Please check out www.griseldalopez.com for more information about Gris and how you can make a dontation! Also there is a facebook event that was created so if you are interested in coming please let me know and I will be more then happy to give you all the info!
Again, if you could spare a few dollars I (and Junior) would greatly appreciate it. If you can’t (completely understandable) could you please give this a signal boost?
Worst TB outbreak in 20 years kept secret. Florida government covered up TB outbreak while rushing to close hospitals as a part of Gov. Rick Scott’s cost cutting campaign.
Palm Beach Post Staff Writer
JACKSONVILLE — The CDC officer had a serious warning for Florida health officials in April: A tuberculosis outbreak in Jacksonville was one of the worst his group had investigated in 20 years. Linked to 13 deaths and 99 illnesses, including six children, it would require concerted action to stop.
That report had been penned on April 5, exactly nine days after Florida Gov. Rick Scott signed the bill that shrank the Department of Health and required the closure of the A.G. Holley State Hospital in Lantana, where tough tuberculosis cases have been treated for more than 60 years.
As health officials in Tallahassee turned their focus to restructuring, Dr. Robert Luo’s 25-page report describing Jacksonville’s outbreak — and the measures needed to contain it – went unseen by key decision makers around the state. At the health agency, an order went out that the TB hospital must be closed six months ahead of schedule.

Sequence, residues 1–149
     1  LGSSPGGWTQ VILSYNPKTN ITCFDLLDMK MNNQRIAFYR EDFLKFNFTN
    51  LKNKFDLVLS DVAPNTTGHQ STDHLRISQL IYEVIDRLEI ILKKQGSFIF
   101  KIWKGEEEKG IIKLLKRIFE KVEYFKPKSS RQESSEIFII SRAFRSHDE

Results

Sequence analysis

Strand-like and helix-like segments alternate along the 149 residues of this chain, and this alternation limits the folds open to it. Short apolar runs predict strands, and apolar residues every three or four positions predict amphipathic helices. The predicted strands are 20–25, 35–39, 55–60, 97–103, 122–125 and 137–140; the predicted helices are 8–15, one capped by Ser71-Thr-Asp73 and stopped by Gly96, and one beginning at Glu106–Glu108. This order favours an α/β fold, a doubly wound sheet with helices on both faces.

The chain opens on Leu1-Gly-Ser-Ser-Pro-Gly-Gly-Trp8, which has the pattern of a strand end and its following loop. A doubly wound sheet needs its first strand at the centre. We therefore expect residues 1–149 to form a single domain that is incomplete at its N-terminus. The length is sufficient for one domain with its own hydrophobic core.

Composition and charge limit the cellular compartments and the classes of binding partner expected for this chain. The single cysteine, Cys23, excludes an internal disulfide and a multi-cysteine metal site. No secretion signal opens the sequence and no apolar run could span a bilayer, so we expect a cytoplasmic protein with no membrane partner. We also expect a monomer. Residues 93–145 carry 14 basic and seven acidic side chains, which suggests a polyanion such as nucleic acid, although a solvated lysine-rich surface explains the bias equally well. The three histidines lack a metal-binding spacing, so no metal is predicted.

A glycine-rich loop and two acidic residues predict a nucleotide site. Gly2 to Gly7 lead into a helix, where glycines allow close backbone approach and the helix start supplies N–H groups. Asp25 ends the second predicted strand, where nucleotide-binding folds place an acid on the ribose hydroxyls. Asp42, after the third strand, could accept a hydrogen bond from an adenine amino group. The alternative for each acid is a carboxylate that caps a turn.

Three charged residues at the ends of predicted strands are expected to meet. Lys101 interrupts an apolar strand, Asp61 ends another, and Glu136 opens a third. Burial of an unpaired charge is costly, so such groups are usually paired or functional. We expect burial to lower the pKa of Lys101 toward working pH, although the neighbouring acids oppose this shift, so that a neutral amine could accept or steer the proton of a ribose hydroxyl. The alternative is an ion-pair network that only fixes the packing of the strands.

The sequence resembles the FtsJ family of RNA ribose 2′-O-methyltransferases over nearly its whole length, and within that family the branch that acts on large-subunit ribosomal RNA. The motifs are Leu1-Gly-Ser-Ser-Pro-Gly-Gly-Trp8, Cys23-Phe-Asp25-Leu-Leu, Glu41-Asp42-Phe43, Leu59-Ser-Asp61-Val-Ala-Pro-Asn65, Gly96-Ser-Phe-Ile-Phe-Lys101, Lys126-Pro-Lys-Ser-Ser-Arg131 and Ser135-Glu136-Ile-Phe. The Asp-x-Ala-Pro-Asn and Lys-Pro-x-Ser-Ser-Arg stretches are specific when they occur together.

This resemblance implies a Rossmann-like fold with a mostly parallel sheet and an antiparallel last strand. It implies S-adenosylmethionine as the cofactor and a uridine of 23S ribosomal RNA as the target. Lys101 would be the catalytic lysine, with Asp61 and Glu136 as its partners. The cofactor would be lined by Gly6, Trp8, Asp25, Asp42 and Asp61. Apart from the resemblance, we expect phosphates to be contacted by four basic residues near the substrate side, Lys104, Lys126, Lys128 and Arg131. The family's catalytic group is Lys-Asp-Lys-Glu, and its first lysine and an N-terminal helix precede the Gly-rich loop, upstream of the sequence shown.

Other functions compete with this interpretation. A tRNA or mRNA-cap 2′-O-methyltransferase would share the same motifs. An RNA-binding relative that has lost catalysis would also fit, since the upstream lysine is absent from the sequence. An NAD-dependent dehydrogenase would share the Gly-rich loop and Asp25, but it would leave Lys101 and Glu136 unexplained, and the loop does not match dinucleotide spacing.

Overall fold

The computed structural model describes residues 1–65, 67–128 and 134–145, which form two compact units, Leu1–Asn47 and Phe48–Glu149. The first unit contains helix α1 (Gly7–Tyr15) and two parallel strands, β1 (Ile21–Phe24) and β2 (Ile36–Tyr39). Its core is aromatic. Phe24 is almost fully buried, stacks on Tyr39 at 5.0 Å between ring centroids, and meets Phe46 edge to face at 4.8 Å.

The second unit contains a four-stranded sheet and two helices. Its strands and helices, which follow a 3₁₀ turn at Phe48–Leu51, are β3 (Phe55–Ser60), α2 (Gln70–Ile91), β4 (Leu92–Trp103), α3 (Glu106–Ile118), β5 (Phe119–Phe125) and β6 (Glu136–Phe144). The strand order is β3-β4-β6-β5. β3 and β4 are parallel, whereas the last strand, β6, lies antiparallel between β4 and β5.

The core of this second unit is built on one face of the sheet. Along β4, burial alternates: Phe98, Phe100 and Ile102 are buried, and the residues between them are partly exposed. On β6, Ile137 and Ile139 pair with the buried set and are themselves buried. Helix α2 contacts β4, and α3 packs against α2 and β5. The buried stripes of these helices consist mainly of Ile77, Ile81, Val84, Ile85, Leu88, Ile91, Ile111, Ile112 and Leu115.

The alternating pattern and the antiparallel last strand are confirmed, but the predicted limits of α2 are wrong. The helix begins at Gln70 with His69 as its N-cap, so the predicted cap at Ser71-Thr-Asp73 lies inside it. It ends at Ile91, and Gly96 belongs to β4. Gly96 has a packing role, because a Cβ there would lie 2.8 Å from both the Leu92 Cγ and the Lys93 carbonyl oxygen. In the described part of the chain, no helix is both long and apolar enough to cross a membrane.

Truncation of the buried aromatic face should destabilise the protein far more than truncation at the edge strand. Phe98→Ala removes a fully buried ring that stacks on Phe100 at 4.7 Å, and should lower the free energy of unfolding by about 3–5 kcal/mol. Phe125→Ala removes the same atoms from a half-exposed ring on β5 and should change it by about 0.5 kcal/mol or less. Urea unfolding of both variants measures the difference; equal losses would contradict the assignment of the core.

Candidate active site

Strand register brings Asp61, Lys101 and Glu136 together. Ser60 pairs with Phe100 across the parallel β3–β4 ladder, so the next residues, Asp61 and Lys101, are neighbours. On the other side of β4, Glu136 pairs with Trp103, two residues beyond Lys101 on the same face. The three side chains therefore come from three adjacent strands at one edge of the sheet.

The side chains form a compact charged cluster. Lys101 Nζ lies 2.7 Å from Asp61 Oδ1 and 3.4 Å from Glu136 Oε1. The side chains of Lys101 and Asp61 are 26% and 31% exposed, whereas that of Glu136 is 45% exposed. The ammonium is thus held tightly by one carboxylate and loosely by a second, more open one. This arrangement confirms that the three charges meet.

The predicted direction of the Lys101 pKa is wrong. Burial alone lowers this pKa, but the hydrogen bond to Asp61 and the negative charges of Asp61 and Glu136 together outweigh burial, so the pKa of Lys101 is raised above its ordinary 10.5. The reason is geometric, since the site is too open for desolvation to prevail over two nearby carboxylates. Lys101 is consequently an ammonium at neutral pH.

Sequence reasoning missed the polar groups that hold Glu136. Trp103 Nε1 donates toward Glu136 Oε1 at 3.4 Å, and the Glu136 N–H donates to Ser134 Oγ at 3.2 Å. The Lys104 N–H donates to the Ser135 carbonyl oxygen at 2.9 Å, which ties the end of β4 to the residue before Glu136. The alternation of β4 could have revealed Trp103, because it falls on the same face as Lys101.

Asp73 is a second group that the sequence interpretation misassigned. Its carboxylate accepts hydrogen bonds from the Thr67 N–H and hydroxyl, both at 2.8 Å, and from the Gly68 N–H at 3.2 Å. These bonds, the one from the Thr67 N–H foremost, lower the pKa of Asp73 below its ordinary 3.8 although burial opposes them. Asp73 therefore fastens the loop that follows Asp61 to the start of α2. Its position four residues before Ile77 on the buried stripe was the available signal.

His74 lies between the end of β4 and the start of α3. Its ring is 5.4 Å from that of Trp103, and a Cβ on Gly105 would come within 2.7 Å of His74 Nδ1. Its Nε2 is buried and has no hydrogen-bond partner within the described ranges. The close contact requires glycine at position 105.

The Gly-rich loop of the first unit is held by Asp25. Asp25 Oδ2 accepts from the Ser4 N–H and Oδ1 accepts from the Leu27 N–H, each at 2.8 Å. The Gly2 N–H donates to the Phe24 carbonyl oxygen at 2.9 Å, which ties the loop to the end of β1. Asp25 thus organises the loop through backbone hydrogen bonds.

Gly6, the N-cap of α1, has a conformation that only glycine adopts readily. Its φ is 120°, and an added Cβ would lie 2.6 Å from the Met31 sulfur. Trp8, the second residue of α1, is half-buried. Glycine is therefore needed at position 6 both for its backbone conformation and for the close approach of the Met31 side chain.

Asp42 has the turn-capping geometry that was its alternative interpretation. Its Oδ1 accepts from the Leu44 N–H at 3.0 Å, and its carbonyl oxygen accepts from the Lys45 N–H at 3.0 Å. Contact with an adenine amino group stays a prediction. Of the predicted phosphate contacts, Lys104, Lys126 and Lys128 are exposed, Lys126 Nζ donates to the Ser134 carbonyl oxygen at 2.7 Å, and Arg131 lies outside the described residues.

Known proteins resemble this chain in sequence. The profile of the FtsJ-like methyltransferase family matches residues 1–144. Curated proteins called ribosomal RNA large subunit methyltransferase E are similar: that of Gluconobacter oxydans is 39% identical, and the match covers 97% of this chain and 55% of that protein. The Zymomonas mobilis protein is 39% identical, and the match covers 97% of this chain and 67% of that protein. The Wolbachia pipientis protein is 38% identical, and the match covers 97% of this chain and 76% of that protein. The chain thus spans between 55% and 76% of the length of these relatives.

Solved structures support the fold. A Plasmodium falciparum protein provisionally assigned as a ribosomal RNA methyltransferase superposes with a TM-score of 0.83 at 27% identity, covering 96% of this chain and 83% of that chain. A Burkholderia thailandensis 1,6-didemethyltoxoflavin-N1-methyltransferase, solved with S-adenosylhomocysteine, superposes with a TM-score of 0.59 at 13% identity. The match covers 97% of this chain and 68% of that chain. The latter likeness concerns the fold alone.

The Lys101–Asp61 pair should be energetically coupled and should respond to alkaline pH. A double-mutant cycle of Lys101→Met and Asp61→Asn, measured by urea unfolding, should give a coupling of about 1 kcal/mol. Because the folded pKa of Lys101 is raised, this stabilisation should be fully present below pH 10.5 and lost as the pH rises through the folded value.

Had they seen the letter, decision makers would have learned that 3,000 people in the past two years may have had close contact with contagious people at Jacksonville’s homeless shelters, an outpatient mental health clinic and area jails. Yet only 253 people had been found and evaluated for TB infection, meaning Florida’s outbreak was, and is, far from contained.
The public was not to learn anything until early June, even though the same strain was appearing in other parts of the state, including Miami.
Last year I was diagnosed with cervical cancer and endometriosis, and had to have several procedures and finally a partial hysterectomy. I was unemployed for quite awhile, and got behind on my house payments, because my husband also lost his job. I bought the house in 2006 for 70k, we struggled and tried but finally the payments became too high and now the house is in foreclosure.